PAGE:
Ron Rash excels in expression and economy of words. His style is unpretentious, yet evocative. Something Rich and Strange is my first encounter with Rash, and certainly time well spent. It’s a book of short stories that crosses eras, from the civil war to present day. Each story, unique in it’s characters and circumstances, share the working class of North Carolina as its backdrop.
There is humor and tragedy, and sometimes both in the 34 stories. Whether overt or not, the book has a veil of melancholy throughout, providing us with a glimpse into lives hard-lived and sometimes our own condition. Rash’s characters are in the heart of Appalachia - farmers, soldiers, teachers, radio jockeys, janitors, carpenters, meth addicts, and widowers - each with a unique story in which their being becomes palpable and relatable. Rash almost modestly presents us with heartbreak, and just as austerely, with wit, though it is also tinged with sorrow.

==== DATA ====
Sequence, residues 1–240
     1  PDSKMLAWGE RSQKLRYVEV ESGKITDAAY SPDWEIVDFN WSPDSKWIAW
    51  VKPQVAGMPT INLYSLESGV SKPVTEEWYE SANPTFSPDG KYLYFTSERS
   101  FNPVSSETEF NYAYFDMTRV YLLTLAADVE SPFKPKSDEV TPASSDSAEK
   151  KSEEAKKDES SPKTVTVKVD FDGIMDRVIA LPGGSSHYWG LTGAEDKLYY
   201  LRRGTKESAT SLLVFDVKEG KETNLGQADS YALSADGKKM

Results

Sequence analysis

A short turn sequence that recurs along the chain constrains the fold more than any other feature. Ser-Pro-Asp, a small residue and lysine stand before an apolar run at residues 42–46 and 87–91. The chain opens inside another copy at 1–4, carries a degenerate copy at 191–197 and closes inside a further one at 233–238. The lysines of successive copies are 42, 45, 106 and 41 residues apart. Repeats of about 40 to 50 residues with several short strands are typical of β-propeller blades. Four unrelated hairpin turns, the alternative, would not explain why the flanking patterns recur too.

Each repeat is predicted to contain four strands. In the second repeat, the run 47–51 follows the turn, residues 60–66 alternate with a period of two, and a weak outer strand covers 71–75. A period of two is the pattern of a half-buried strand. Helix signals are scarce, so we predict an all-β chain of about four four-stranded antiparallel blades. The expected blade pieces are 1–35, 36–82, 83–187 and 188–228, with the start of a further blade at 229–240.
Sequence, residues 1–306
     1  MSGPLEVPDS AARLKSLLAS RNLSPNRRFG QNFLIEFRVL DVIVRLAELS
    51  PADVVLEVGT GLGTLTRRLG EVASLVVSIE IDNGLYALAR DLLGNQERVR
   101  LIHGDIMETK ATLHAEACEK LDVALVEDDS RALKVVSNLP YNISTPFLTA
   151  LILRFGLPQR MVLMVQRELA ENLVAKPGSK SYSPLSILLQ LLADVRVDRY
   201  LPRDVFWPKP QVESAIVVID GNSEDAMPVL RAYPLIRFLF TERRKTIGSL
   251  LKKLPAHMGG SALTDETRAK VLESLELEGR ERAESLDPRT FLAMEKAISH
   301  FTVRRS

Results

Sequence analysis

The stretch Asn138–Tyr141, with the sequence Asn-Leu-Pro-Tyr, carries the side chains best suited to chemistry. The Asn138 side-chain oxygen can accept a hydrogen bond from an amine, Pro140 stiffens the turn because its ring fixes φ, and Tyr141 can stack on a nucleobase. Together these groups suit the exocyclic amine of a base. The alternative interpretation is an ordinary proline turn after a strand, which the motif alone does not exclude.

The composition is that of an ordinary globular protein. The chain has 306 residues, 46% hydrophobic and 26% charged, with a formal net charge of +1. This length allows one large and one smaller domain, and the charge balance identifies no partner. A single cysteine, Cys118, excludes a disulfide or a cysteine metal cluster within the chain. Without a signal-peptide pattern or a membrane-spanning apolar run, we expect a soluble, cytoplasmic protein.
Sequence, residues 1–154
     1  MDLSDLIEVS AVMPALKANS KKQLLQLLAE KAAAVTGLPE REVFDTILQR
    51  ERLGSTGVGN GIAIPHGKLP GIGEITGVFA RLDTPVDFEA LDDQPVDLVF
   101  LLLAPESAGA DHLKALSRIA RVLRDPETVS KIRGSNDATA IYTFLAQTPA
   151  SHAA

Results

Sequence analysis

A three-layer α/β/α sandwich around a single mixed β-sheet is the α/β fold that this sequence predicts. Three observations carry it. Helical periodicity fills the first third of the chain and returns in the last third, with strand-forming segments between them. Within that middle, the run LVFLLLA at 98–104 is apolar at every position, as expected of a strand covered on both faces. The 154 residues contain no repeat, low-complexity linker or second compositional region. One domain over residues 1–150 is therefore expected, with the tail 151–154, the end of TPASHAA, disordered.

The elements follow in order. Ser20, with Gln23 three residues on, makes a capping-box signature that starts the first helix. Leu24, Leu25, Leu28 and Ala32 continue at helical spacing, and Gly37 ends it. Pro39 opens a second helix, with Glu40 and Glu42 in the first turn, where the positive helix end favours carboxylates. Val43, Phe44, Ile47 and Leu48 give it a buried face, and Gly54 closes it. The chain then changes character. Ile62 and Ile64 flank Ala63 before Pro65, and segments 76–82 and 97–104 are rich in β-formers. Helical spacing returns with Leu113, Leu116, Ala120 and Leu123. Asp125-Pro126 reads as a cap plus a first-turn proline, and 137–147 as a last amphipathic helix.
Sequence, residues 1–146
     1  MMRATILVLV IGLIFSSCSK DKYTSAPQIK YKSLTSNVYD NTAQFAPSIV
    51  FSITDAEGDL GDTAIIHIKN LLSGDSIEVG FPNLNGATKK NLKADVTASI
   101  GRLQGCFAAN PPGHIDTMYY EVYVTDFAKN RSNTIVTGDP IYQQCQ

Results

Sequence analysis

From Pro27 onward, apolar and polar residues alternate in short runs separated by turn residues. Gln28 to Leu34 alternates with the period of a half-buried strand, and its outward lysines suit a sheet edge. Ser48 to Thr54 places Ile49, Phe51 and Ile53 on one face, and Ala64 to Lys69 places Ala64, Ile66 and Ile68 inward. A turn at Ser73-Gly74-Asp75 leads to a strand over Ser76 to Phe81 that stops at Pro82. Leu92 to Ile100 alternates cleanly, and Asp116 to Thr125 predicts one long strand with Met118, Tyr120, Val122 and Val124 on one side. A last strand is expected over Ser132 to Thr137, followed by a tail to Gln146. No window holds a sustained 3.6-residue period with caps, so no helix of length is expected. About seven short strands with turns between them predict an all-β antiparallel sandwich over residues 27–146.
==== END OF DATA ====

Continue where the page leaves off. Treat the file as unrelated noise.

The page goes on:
And though everything seems swathed with this gloom, I could not tear myself away from soul-baring simplicity and stillness of Rash’s stories. The title seems to sum the quality of this work perfectly, because the book is something rich and strange.
Vickie’s rating 5 stars